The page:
And the Children of Israel went on the dry land, in the midst of the sea. (14:29)
The Mishnah in the sixth chapter of Pirkei Avos delineates the “Forty- eight qualities through which Torah is acquired.” One of these qualities is, “Be-miþut sheina, through limited sleep.” Indeed, the tzaddikim (righteous) of previous generations were famous for their ability to get by with a minimal amount of sleep. The Vilna Gaon used to sleep one and a half hours each night, which were divided up into three shifts of half an hour each. (Even as he slept, it is said, his lips murmured words of Torah.) During the day he would sleep for another half an hour, bringing his 24 hour total to a paltry two hours of sleep. The holy Sanzer Rav, who also slept for no more than two hours every twenty-four, is said to have once remarked, “Do not think I sleep so little because I am trying to inflict myself; rather I do so out of great love for serving Hashem and studying Torah!”
The rebbitzen of the holy Rebbe R’ Shmelke of Nikelsbourg once came to her husband’s contemporary, the Rebbe R’ Elimelech of Liezensk with a desperate plea: The doctors had warned her husband that he was sleeping far too little, and that his health was deteriorating as a result. Yet their warnings had fallen on deaf ears: Her holy husband absolutely refused to change his gruelling schedule to allow for more sleep. It was a situation of pikuach nefesh, a question of life and death, she said. Perhaps, she pleaded, R’ Elimelech would be able to convince her husband to allow himself a little more rest!
Soon afterwards, R’ Elimelech arrived in Nikelsbourg with a group of his disciples. They were told to go about arranging a seudah, a festive meal, in honour of the Rebbe R’ Shmelke. R’ Elimelech personally invited R’ Shmelke to the seudah, an honour which he could not refuse. At the meal, the Rebbe R’ Elimelech took out a bottle of very rare whisky, poured a glass for himself and for R’ Shmelke, and made a le-chaim. R’ Elimelech then seemingly sipped from his schnapps, as did R’ Shmelke. In truth, however, R’ Elimelech did not drink from his whisky, for it was spiked. Even a small amount was enough to put R’ Shmelke to sleep on the spot. R’ Elimelech had R’ Shmelke carried off to his home, where he was put to bed for the night.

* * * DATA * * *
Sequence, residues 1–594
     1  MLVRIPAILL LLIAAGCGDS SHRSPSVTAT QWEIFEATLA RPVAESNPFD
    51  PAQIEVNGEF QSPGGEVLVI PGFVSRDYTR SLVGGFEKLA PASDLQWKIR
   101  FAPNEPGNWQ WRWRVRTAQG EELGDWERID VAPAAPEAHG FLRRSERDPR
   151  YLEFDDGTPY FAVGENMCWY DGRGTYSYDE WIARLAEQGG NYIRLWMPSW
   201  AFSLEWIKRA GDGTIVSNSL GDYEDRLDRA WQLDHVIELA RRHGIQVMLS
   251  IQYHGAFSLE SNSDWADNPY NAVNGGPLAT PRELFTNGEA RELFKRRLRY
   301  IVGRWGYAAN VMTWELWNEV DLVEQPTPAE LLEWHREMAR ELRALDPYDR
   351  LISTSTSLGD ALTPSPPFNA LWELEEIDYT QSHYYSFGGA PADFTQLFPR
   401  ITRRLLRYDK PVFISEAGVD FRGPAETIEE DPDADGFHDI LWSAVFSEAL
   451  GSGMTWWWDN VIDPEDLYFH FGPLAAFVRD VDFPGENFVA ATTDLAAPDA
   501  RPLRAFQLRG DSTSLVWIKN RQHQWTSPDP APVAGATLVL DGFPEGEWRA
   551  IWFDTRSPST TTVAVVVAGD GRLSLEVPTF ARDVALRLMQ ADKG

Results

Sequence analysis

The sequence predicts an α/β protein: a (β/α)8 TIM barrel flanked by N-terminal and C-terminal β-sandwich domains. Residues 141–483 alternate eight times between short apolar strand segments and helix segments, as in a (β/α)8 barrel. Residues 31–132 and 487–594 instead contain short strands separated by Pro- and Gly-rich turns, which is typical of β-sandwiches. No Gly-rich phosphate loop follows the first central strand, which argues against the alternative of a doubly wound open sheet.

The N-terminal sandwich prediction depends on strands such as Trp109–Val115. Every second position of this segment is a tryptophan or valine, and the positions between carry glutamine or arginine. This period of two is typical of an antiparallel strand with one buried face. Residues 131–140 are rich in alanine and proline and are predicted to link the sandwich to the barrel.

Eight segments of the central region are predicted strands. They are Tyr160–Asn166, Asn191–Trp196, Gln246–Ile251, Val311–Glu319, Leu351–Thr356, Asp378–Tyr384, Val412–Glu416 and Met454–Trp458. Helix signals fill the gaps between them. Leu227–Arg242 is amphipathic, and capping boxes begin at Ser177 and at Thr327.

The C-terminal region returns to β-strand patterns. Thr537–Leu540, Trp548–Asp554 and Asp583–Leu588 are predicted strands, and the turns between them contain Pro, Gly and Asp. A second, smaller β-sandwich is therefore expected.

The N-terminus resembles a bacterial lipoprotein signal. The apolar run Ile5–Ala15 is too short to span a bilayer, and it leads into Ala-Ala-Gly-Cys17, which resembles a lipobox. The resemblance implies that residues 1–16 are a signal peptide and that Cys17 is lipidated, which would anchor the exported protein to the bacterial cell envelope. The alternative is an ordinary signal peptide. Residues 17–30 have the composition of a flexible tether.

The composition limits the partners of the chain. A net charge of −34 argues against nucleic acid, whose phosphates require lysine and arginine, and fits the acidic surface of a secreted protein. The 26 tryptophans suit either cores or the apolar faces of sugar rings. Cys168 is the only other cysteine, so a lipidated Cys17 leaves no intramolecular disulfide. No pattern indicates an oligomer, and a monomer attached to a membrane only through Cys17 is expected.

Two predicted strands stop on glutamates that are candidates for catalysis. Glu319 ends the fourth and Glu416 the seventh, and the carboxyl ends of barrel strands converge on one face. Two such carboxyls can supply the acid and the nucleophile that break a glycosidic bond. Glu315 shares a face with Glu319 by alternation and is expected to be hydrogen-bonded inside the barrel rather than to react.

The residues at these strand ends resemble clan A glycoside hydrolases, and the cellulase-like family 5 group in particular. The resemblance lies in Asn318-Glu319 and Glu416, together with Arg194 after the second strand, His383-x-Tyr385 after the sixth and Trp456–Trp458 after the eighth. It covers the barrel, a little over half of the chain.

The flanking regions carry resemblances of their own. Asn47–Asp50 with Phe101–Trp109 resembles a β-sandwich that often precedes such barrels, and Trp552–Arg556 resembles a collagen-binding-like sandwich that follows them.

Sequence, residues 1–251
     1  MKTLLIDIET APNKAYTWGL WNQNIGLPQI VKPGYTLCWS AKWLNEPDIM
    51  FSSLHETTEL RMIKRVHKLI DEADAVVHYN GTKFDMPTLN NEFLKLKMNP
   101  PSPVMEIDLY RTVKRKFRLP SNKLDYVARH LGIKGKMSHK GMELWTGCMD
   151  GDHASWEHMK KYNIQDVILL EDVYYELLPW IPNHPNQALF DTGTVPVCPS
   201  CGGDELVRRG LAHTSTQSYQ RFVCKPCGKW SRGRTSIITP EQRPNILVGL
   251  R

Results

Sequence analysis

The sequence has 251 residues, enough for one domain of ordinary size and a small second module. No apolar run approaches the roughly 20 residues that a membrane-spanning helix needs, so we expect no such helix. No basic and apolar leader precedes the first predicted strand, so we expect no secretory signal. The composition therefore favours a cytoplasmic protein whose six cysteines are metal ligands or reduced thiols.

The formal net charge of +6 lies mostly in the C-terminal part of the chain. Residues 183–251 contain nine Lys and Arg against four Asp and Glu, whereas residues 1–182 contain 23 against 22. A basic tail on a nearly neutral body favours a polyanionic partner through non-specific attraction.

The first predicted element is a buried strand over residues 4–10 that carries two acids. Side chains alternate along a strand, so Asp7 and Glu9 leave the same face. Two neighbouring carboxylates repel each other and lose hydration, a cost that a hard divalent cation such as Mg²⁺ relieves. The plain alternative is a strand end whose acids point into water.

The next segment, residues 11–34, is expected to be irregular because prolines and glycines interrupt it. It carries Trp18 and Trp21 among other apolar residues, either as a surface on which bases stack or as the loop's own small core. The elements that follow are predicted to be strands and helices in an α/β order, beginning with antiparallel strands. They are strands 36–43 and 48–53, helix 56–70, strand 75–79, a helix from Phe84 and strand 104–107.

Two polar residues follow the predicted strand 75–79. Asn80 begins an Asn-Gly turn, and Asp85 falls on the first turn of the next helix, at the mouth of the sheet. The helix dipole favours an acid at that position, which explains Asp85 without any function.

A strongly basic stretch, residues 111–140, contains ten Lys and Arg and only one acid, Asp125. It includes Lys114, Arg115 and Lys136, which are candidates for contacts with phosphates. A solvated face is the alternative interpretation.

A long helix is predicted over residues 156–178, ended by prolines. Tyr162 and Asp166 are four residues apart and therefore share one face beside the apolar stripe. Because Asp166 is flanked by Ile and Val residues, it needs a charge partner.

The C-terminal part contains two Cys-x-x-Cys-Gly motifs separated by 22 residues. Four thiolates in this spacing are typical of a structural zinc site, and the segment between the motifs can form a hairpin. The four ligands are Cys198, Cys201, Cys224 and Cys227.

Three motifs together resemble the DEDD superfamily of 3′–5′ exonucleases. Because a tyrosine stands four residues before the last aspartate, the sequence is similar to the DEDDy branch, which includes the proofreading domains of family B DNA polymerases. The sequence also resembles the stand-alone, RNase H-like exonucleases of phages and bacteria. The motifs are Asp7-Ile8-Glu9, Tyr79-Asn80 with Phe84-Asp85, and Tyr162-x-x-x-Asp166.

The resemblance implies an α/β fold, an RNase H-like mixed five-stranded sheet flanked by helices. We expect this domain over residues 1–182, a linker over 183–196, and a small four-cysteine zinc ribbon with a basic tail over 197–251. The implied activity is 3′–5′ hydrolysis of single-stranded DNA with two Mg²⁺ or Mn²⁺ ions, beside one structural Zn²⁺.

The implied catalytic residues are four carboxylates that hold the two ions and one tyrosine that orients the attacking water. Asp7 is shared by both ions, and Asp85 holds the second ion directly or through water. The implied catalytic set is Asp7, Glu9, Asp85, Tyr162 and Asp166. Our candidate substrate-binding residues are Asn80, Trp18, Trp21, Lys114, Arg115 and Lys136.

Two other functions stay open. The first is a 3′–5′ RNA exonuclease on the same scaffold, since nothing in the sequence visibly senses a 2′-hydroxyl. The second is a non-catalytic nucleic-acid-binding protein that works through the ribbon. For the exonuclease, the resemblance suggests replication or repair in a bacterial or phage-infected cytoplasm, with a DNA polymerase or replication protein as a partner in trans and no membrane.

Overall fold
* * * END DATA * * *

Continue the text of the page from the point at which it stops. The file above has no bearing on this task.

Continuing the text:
The next morning, the Rebbe R’ Shmelke awoke, startled to have slept through the night, but with an invigorated spirit. Upon arriving in shul to pray, he was joined by a large group of Chassidim, who did not fail to notice the unusual energy of the Rebbe’s prayers. They too felt energized by the Rebbe’s powerful spirit, and that day’s Shacharis took on a special quality. Indeed, it is told that on that day, when the Rebbe reached the Shiras Ha-Yam, the Song at the Sea, the entire congregation was swept away by the powerful vision of the Jews crossing the Sea of Reeds with Moshe Rabbeinu at their helm, to the extent that R’ Shmelke actually picked up his bekitsche (traditional chassidic coat) as he stepped into the raging waters. The Chassidim too followed suit. This was not pretentiousness – that day they truly satisfied the obligation of our Sages that, “Each person should imagine that he himself was redeemed from Egypt.”
That evening, the Rebbe again sat with his disciples. When R’ Elimelech arrived, a place was made for him at the head-table, next to the Rebbe. Once seated, R’ Elimelech again took out his now infamous “bottle,” and poured a glass for R’ Shmelke. “Perhaps you think” said the Rebbe, “that I am a fool? It was enough that yesterday you robbed me of my entire night. I can’t recall ever spending a whole night sleeping. Mark my word: I’m not going to make the same mistake twice!”
“But the Rebbe himself saw,” argued R’ Elimelech, “the power of his tefilos (prayers) this morning. We all felt as if we were truly traversing the Sea of Reeds!”
“Indeed,” said R’ Shmelke, “when Shmelke spends all his nights immersed in Torah study, and once in his life he sleeps through the night, that indeed was a wonderful experience. But can you imagine what would become of Shmelke if he will begin to allow himself ‘a good night’s sleep’ every night? Shmelke will become just another farshlufenne Yid (sleepy Jew)!”
Sometimes, says R’ Tzvi Hirsch of Liska (Darkei haYashar ve- haTov), the truly righteous can be, “on the dry land” – yet through their powerful tefilos they feel as if they are “in the midst of the sea.” Perhaps we can add that this is only true of those who, in general, lead their lives “on the dry land” – i.e. they minimize their physical indulgences. They can, from time to time, attain the level of feeling as if they are crossing over “in the midst of the sea.”
This insightful story plays itself out in everyone’s life at one time or another. One takes a break from one’s usual schedule, and feels invigorated, physically and spiritually. Imagine, we tell ourselves, what it would be like if I could do this every day! This is a false vision. A “break” only takes on meaning when it is surrounded on either side by hard-work. Otherwise life becomes one big vacation – and that itself can become a burden.